As an anti–modernist movement, therefore, postmodernism is seen as rejecting those elements that comprise the modernist worldview, including the ideas of truth, self, meaning, and purpose.
As Lyotard argues, aesthetic judgment is the appropriate model forthe problem of justice in postmodern experience because we areconfronted with a plurality of games and rules without a conceptunder which to unify them. Judgment must therefore be reflectiverather than determining. Furthermore, judgment must be aestheticinsofar as it does not produce denotative knowledge about adeterminable state of affairs, but refers to the way our facultiesinteract with each other as we move from one mode of phrasing toanother, i.e. the denotative, the prescriptive, the performative, thepolitical, the cognitive, the artistic, etc. In Kantian terms, thisinteraction registers as an aesthetic feeling. Where Kant emphasizesthe feeling of the beautiful as a harmonious interaction betweenimagination and understanding, Lyotard stresses the mode in whichfaculties (imagination and reason,) are in disharmony, i.e. thefeeling of the sublime. For Kant, the sublime occurs when ourfaculties of sensible presentation are overwhelmed by impressions ofabsolute power and magnitude, and reason is thrown back upon its ownpower to conceive Ideas (such as the moral law) which surpass thesensible world. For Lyotard, however, the postmodern sublime occurswhen we are affected by a multitude of unpresentables withoutreference to reason as their unifying origin. Justice, then, wouldnot be a definable rule, but an ability to move and judge among rulesin their heterogeneity and multiplicity. In this respect, it would bemore akin to the production of art than a moral judgment in Kant'ssense.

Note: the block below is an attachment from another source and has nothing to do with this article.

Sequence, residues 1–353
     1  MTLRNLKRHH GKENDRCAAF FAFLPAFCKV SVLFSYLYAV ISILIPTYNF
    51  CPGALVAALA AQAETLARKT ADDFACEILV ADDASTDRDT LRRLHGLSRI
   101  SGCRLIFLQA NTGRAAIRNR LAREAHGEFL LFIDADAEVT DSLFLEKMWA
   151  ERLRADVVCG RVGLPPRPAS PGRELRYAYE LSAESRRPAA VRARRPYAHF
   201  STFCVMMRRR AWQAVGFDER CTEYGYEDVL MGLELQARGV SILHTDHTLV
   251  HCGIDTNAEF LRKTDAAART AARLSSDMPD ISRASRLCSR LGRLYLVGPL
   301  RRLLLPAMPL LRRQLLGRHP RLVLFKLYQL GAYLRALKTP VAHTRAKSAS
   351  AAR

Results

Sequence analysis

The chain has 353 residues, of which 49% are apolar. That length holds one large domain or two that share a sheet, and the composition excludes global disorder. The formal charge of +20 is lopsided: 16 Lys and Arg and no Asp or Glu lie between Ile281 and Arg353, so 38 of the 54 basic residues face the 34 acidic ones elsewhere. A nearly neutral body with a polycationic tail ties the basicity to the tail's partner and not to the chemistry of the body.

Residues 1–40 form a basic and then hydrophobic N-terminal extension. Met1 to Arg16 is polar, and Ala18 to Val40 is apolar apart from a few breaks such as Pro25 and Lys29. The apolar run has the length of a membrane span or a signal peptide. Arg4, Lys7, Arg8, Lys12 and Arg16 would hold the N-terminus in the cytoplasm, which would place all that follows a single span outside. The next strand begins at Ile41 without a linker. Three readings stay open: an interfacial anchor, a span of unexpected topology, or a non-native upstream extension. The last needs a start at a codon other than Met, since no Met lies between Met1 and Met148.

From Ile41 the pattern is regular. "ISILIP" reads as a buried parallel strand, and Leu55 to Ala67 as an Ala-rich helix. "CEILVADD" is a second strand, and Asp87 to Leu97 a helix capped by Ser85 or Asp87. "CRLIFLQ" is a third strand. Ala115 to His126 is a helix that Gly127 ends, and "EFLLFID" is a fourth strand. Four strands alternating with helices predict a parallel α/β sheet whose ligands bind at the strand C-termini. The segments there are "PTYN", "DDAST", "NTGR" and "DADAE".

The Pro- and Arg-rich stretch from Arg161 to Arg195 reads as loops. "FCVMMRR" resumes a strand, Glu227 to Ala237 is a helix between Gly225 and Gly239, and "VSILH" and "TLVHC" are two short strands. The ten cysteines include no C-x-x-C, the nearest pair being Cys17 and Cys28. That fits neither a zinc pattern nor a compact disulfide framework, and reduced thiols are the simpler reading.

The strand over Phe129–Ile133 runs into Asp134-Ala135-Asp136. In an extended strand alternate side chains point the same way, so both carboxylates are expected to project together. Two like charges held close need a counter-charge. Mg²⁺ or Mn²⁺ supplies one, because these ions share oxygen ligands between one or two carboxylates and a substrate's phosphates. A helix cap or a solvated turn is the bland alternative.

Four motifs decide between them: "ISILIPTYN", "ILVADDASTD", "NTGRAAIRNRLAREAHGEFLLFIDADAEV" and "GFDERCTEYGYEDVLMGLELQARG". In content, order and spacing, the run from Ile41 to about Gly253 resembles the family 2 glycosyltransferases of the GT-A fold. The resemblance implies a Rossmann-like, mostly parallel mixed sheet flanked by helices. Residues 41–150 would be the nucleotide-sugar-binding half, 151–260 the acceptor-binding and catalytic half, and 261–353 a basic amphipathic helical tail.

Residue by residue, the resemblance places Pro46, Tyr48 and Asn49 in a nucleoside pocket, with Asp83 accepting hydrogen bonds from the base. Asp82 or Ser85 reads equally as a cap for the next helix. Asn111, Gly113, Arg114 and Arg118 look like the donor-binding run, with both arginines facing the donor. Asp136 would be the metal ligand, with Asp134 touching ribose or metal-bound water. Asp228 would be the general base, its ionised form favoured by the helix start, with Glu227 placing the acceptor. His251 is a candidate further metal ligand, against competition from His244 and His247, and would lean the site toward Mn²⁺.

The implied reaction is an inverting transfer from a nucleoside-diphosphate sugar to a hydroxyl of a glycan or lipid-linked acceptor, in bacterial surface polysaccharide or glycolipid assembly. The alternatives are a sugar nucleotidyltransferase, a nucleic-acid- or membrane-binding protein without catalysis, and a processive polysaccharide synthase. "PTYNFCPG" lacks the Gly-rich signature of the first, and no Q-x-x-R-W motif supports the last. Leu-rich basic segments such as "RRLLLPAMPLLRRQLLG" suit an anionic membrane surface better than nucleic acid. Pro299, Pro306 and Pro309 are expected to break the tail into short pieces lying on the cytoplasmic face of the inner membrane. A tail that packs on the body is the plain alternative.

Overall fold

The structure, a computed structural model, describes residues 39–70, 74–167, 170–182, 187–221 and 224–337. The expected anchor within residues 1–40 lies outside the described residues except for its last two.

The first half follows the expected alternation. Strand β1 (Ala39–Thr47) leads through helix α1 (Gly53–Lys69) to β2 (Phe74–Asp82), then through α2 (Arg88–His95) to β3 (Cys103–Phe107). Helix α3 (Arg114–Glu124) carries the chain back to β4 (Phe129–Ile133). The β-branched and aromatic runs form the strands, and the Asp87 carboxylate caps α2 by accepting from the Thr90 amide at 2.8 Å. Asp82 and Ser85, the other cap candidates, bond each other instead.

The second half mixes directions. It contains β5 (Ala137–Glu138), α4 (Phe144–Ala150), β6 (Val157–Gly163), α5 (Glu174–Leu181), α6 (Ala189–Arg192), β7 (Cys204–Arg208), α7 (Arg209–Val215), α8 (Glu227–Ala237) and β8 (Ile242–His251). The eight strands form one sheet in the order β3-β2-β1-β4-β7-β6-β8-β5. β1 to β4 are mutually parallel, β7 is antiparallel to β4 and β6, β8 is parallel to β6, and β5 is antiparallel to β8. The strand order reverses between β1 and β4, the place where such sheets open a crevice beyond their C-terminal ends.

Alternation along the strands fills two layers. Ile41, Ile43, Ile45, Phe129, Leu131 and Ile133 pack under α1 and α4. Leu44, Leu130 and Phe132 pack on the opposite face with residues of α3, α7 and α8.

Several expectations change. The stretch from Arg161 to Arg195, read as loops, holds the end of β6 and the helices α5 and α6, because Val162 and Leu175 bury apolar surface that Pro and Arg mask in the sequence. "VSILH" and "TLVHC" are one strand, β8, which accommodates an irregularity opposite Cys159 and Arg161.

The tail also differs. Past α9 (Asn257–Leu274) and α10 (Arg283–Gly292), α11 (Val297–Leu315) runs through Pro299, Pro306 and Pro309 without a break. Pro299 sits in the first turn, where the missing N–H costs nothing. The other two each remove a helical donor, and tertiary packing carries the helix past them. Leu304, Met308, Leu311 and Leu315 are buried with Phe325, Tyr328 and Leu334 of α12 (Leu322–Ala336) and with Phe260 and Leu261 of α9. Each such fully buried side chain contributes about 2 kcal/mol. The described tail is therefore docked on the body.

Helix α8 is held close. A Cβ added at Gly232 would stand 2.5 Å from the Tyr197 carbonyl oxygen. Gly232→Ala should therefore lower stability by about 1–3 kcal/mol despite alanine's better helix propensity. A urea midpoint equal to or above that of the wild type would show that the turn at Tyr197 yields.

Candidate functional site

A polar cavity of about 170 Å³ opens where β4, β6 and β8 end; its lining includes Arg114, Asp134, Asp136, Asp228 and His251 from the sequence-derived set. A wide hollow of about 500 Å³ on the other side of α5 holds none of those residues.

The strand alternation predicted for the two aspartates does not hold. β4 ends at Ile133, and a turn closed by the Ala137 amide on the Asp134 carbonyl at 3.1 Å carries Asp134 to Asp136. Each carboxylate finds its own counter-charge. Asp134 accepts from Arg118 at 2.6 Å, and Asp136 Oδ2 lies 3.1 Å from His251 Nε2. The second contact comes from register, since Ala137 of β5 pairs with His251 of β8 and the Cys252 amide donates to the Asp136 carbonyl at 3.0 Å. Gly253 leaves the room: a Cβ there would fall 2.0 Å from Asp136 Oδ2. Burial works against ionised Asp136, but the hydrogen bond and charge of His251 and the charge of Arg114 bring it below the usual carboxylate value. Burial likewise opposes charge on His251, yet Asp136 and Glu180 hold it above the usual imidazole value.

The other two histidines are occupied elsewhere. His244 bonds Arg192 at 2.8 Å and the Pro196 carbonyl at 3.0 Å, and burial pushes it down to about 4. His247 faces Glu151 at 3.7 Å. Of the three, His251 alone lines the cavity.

Some general ideas of postmodernism and postmodernist fiction A
When observing the ideas of otherpostmodernists, Barth thinks that the so-called is indeed a kind of pallid,last-ditch decadence, of no more than minor symptomatic.
12 Important Ideas in Modernism.
in many ways constructs modernism as a straw man in order to defend a certain style of philosophy and theology that had been designated as official for the Catholic Church by Pope Leo XIII in his 1879 Encyclical : that of Saint Thomas Aquinas. The dominance of this style had been reinforced by a resurgence of interest in Aquinas in the nineteenth century from the movement that became known as Neo-Thomism. Important centres for the propagation of Thomistic ideas developed in Europe and their influence was felt on the various letters and decrees issued by the Church against modernist trends in philosophy and theology at the end of the nineteenth and beginning of the twentieth century.